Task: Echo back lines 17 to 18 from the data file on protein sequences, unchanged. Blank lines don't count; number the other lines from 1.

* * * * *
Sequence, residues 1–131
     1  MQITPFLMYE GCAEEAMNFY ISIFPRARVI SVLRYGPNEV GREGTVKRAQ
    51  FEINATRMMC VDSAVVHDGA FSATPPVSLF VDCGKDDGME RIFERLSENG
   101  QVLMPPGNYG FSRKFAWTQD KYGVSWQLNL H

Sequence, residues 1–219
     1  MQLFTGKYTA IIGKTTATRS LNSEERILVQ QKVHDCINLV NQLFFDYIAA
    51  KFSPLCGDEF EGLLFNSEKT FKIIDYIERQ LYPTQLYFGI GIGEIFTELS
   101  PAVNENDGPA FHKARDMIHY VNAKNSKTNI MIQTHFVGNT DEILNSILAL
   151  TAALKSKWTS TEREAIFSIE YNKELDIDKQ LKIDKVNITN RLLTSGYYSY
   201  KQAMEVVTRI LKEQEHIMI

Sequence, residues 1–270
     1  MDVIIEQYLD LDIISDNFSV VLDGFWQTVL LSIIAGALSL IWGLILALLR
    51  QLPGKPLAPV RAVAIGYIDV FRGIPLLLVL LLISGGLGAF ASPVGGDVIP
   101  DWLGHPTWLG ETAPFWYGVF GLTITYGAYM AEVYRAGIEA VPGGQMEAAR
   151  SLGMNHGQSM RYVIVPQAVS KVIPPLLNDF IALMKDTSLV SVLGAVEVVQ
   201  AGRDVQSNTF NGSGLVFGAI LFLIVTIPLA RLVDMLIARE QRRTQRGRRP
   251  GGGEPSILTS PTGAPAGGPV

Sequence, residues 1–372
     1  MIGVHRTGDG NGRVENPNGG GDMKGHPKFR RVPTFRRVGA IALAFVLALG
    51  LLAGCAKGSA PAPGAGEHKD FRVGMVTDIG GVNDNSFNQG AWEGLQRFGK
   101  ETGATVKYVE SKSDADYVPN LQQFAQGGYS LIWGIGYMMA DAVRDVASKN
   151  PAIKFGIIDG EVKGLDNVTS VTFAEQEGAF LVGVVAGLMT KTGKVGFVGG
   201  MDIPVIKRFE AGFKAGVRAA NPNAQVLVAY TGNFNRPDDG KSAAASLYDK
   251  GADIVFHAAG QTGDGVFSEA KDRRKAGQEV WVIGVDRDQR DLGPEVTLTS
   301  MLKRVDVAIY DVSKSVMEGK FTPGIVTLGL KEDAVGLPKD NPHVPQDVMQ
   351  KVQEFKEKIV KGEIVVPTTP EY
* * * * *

   251  GGGEPSILTS PTGAPAGGPV

Sequence, residues 1–372